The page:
Firstly, it’s not a club: anyone can walk down the stairs of the former Grape Street Wine Bar into this dark basement bar. It’s owned by the same team behind the other LCC in Goodge Street, and is cut from the same cloth: a post-work, hair-down, ties-off celebration of the consequence-free side of drinking.
Inhibitions are unwelcome, as are any intentions of solitude or complex conversation. It’s loud, extroverted and unashamedly cheesy – the soundtrack on our visit included sing-yourself-hoarse anthems like ‘Don’t Stop Believin’, ‘Livin’ on a Prayer’ and ‘Greased Lightnin’ (no room for boring full gerunds down here).
But although the staff are also straight out of the Brian Flanagan school of good-time bartending, they’ve got some serious skills, and the cocktail list is irreverent and engaging, if liberally misspelled. It opens with the maxim ‘Good cocktails ani’t cheap and cheap cocktails ani’t good [sic]', and proceeds with a South Seas rum theme through sections such as ‘Stowaways’ (classics at £7.50) and ‘The pantry’ (food-inspired drinks, £8) up to a £15 zombie, that full-on flaming rum concoction guaranteed to start a party/stop it in its tracks before it’s even got going.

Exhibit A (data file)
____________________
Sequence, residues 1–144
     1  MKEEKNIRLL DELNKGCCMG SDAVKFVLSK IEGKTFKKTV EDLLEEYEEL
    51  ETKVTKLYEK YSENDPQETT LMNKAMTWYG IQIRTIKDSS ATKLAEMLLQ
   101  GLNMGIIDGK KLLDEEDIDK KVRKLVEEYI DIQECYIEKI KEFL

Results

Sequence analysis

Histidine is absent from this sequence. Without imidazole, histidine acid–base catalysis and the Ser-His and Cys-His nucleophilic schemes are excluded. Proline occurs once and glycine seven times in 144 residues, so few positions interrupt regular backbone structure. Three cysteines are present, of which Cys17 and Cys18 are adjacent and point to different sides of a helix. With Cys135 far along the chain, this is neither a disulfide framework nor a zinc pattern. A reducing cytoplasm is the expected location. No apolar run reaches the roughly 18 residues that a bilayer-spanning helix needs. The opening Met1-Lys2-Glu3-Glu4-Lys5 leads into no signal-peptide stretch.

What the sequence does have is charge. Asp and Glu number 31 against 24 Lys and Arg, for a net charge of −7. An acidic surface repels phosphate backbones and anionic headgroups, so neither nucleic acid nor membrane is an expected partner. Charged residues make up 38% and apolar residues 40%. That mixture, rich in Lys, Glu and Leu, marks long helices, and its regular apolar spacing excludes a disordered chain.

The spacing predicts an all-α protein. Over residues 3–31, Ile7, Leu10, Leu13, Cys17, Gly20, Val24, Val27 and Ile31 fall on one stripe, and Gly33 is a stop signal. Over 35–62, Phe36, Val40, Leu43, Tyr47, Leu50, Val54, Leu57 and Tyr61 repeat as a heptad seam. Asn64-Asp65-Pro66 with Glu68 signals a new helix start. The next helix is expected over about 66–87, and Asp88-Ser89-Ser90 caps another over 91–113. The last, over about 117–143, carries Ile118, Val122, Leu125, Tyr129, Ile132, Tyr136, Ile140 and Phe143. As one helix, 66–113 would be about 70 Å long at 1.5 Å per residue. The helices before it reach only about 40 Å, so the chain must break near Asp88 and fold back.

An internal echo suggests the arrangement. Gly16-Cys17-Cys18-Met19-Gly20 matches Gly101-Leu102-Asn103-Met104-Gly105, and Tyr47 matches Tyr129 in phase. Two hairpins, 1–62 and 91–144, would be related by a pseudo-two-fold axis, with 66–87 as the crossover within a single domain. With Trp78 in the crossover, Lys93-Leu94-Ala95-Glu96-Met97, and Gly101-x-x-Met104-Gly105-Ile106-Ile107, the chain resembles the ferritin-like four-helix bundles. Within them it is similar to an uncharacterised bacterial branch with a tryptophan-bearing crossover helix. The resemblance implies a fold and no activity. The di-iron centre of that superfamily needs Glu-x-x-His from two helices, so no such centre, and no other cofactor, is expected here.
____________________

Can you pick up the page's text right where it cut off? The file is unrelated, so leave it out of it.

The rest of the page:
We began with a Bramley Apple Smash – gin, elderflower and apple, served imaginatively in a cloth-topped jam jar with a biscuit chaser; a Hello Treacle had Scotch, ginger wine, syrup and angostura, over ice in a Tate & Lyle tin. A straight-up Vesper was presented more soberly, but was assertive and well made.
Food is of the party-snacks variety: sharing plates, stuff on sticks, deep-fried alcohol sponges, but is a lot more considered than the Coldland ad this makes it sound like. Dishes like rump steak and horseradish skewers, or smoked mackerel and caper on toast, complement the superior drinks well.
This is not, you will by now have realised, the place for a contemplative pint. After a few hours of racous socialising, strong liquor and informal karaoke, you’ll probably see your drinking companions in a new light, if you can see them at all in the gloom. But for sheer fun, it’s hard to beat.